Indian government won a parliamentary vote on Friday to allow foreign direct investment (FDI) in the Indian retail sector in a development that now paves the way for opening the sector to the likes of Walmart, Carrefour and others. The move, however, does not allow foreign investment in online retail as the government had previously kept e-commerce out of the purview of this policy liberalisation.
Earlier this week, the Congress-led ruling United Progressive Alliance (UPA) won the Lok Sabha (the Lower House of the Parliament) vote on opening up the multi-brand retail sector for FDI, but it faced a tough challenge in the Upper House. However, on Friday, Rajya Sabha members also voted in favour of allowing FDI in multi-brand retail.
Rajya Sabha members, who are not directly elected by the general public like the Lok Sabha members are, voted 123:109 in favour of the UPA.
Certain alliance members of the UPA were opposed to the idea of FDI in retail, which had posed a question mark over the policy move. The government had allowed up to 51 per cent foreign investment in multi-brand retail in September this year in a big move as it faced criticism over policy paralysis amid corruption scandals.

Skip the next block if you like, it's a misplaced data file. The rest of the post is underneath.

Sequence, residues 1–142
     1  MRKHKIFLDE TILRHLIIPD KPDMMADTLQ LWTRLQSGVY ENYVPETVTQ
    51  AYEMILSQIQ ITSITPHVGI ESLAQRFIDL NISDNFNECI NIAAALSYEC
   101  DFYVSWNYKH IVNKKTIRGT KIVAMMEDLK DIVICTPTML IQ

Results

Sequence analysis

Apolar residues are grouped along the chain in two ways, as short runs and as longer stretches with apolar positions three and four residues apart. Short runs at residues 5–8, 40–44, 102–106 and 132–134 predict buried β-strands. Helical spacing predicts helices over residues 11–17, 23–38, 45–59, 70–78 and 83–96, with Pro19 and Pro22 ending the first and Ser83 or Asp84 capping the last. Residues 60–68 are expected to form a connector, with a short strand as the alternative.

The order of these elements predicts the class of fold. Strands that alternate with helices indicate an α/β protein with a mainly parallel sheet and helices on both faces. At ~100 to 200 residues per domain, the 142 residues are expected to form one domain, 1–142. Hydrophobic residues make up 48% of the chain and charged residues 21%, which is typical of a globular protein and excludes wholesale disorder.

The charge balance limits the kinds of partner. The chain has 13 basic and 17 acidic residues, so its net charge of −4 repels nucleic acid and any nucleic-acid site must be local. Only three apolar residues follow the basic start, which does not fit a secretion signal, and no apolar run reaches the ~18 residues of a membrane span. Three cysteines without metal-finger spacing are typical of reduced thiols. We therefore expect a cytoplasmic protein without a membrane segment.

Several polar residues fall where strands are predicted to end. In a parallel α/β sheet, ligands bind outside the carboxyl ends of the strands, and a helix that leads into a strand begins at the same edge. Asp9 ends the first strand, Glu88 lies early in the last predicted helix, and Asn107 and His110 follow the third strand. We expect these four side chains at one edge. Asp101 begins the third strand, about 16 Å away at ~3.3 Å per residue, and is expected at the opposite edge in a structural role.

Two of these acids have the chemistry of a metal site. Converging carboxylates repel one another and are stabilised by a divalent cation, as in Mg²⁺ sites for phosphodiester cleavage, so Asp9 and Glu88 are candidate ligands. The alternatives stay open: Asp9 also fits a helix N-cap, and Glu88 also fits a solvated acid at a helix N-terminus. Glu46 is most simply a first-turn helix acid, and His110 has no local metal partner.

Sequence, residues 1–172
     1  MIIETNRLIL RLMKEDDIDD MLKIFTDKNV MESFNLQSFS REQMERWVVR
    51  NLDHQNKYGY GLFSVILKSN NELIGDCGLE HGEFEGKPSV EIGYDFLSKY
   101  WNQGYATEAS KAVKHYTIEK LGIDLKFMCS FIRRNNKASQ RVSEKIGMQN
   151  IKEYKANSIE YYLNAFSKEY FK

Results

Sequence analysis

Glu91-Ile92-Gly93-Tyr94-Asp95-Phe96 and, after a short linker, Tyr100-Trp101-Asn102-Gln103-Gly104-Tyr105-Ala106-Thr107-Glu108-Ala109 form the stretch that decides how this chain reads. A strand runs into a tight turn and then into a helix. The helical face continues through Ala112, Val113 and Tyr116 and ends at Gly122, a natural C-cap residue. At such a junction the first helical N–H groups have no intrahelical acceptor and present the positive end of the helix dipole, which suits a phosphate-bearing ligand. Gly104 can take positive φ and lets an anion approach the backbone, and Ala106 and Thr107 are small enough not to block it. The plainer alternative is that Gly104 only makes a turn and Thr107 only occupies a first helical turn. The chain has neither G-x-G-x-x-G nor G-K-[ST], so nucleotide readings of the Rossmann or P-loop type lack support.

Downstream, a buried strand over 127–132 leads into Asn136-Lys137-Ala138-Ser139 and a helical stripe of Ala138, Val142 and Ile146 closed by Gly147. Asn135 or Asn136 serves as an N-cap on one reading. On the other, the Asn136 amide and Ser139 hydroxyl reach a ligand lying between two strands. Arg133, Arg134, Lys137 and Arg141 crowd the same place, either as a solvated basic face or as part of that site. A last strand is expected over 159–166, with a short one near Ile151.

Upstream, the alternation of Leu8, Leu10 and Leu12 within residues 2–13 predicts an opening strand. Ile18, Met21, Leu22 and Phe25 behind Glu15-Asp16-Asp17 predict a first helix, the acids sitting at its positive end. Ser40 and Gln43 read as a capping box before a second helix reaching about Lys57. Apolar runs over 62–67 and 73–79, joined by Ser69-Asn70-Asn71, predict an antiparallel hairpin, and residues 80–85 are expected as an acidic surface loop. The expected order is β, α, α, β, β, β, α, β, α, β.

The ruling coalition was supported by Bahujan Samaj Party (BSP) and Samajwadi Party (SP), two strong political outfits who otherwise lock horns with the UPA in their home state of Uttar Pradesh. Earlier, the SP won the state elections in Uttar Pradesh, defeating the BSP, and also the UPA. Both SP and the BSP abstained from voting in the Lok Sabha and indirectly allowed the government to win the voting. On Friday, the BSP voted in favour of the government, but the SP again abstained from the voting process.
Besides the Left wing, the main opposition party, Bhartiya Janta Party (BJP), has been opposed to the opening of the retail sector. BJP derives a chunk of its vote bank from local traders’ community who fear that foreign investment in retail would kill the neighbourhood stores and affect the livelihood of millions of small store owners.
UPA’s winning the vote in the Parliament in this key policy move now sets the stage for clearing the bills related to other reform measures such as attracting foreign investments in pension and insurance sectors.
The stock market, which had moved up earlier this week as the government won the vote in the Lok Sabha, however, put on a muted response to the voting in Rajya Sabha as it was already factored in expectations.
The 30-stock benchmark index Sensex closed at 19,424 on Friday, down 0.3 per cent. This still remains close to its highest level in more than 19 months and just 10 per cent shy of its historical peak that it hit in January 2008.